(CNN) - Will he or won’t he?
Former Minnesota Governor and professional wrestler Jesse Ventura is expected to announce Monday night on CNN’s Larry King Live whether he’ll run for his state’s U.S. Senate seat. Ventura’s deadline to file to run for the senate is Tuesday.
If Ventura jumps into the race and runs as an Independent, the battle for Republican incumbent Norm Coleman’s seat would become a three ring circus. Democrat Al Franken, a former comedian and liberal talk show host, has already filed.
Coleman was first elected in 2002 and is running for his second term. The Democrats are targeting Coleman and hope to win back the seat that was once held by Democrat Paul Wellstone, who was killed in a plane crash while running for re-election in 2002.
Ventura ran for governor of Minnesota as an Independent in 1998, winning a three way race. Coleman was the Republican candidate in that race, losing to Ventura by about 50,000 votes. After what many people in Minnesota describe as a difficult four years in office, Ventura decided not to run for re-election.
He has hinted lately that he might jump into the Senate race. If he does enter the campaign, the question is whether he can win, and if not, which other candidate does he harm more?
Other candidates over the years have made Larry King Live their program of choice when announcing a major run for office. Larry King Live runs at 9 p.m. ET.
Watch Brianna Keilar's one-on-one interview with Cindy McCain.
(CNN)–Cindy McCain, a lifelong racing fan, spent her Saturday taking a spin around the track at the Indy Car race in Nashville, Tennessee. In a CNN exclusive, CNN's Brianna Keilar sits down with the wife of presumptive Republican nominee, Sen. John McCain, to discuss their mutual love of car racing and the side of the potential first lady that most voters haven't seen yet.
(CNN)—California Governor Arnold Schwarzenegger, who endorsed John McCain’s presidential run before his state’s February primary, said Sunday he would consider accepting an energy-related cabinet position from Democrat Barack Obama if the offer were extended.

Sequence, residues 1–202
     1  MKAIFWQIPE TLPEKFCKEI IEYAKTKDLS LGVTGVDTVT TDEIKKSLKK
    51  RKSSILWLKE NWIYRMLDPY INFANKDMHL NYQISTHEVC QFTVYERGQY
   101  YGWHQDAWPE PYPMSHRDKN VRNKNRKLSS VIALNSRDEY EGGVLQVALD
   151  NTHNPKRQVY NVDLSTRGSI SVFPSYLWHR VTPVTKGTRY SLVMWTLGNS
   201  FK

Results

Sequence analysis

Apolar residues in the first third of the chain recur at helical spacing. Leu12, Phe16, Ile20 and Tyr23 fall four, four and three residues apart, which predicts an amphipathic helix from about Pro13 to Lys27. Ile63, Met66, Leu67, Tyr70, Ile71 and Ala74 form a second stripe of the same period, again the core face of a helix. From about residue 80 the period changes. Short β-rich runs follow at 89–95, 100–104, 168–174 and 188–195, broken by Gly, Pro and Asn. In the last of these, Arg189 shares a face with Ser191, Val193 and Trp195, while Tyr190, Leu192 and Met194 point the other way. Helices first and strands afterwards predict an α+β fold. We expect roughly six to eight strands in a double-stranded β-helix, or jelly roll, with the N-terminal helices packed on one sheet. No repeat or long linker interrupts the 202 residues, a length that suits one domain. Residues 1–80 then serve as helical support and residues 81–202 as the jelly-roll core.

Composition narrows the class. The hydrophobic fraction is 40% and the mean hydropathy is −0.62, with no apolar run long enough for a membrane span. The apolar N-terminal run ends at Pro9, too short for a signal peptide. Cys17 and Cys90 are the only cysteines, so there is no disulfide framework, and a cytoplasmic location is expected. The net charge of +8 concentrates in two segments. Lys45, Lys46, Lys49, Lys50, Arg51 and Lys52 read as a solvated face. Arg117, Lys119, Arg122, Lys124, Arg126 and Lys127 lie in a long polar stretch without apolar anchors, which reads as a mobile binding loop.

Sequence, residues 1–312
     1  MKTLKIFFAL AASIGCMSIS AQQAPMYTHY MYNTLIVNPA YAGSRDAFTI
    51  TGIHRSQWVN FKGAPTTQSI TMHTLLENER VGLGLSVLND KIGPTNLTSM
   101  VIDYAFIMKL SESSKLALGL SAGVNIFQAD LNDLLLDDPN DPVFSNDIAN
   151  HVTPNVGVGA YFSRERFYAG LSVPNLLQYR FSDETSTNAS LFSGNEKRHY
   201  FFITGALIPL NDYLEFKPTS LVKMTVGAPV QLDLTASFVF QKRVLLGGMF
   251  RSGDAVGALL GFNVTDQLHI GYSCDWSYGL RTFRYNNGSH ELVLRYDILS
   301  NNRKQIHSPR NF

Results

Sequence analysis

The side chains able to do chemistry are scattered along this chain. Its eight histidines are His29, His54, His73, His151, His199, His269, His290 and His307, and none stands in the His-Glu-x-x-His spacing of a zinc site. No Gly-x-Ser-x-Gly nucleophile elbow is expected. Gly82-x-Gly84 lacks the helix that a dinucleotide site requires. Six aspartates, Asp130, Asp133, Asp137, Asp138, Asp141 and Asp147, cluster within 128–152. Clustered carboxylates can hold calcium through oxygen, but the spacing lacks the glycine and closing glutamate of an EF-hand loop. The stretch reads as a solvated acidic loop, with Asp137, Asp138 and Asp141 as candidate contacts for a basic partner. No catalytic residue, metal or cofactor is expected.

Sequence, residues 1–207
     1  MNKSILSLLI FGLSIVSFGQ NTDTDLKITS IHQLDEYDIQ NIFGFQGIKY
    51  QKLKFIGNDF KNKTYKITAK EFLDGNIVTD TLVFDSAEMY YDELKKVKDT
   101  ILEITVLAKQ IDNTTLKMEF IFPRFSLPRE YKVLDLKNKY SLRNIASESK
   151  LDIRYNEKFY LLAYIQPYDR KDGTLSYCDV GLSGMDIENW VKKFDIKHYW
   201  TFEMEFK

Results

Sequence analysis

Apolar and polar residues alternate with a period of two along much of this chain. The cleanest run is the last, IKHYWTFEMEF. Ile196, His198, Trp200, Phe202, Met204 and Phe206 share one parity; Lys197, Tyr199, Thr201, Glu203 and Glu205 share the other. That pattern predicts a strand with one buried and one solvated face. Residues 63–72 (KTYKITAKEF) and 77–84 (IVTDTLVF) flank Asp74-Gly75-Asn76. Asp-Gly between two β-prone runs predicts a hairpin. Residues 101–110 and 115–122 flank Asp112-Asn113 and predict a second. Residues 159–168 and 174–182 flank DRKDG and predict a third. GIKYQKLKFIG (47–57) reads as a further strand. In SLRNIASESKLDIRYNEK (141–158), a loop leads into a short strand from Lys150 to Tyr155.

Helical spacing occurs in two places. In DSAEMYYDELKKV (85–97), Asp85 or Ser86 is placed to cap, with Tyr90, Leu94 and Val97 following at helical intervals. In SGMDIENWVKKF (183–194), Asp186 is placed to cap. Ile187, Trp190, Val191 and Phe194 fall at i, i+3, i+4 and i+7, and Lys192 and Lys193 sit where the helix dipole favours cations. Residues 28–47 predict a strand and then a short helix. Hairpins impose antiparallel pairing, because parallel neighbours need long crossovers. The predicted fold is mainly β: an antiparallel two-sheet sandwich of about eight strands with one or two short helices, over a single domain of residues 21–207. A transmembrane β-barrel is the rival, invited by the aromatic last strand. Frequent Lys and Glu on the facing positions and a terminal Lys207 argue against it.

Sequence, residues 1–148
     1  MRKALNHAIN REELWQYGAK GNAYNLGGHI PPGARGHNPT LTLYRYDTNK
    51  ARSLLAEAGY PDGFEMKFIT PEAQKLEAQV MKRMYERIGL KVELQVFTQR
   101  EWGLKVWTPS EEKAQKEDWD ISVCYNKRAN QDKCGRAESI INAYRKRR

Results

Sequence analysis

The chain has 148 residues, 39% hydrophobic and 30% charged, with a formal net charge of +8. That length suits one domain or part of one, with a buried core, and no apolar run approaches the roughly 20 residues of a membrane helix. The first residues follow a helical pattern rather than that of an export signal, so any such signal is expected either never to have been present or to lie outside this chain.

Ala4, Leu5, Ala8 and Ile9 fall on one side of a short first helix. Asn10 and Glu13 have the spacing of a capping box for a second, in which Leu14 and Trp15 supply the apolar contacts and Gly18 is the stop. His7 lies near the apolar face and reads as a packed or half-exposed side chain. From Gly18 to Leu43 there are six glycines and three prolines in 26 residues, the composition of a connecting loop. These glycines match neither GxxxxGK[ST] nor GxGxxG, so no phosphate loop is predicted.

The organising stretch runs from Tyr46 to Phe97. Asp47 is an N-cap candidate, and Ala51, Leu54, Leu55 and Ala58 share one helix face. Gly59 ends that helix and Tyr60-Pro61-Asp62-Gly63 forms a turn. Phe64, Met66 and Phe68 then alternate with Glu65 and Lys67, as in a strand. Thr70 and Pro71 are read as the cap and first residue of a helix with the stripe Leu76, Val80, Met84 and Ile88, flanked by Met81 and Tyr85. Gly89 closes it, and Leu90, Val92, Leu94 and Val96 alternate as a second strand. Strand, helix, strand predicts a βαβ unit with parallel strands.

“I’m always ready to help in anyway I can,” the California Republican told ABC’s George Stephanopoulos, describing himself as a committed public servant. “I’d take his call now, and I’d take his call when he’s president anytime.”
The former box office star-turned-politician said he is through with his days acting and body building, and plans to travel the world promoting energy independence after leaving the governor’s mansion, whether or not he joins the next administration.
California, a predominantly Democratic state, is thought by some analysts to be somewhat of a long-shot for McCain in November. But Schwarzenegger encouraged the presumptive Republican nominee to continue to campaigning, telling ABC that one in five California voters are swing or independent voters.
Schwarzenegger also defended Obama from recent accusations that he is shifting his positions since effectively claiming the Democratic nomination. “Flip-flopping is getting a bad rap,” said the California governor, adding that he expects both presumptive nominees to move toward the center now that the primaries have ended.
“As long as he’s honest or she’s honest, I think that [changing your mind] is a wonderful thing,” said Schwarzenegger. “I’ve changed my mind on things and it is nothing wrong with it, but I just say to the people I once thought this way now I think this way. End of story.”
WASHINGTON (CNN) – Sen. Barack Obama, in an op-ed piece in Monday's New York Times, embraced Iraqi Prime Minister Nuri al-Maliki's recent call for a timetable for American troops to leave Iraq as "an enormous opportunity."
The presumptive Democratic presidential nominee's column, titled "My Plan for Iraq," repeated his pledge that "on my first day in office, I would give the military a new mission: ending this war."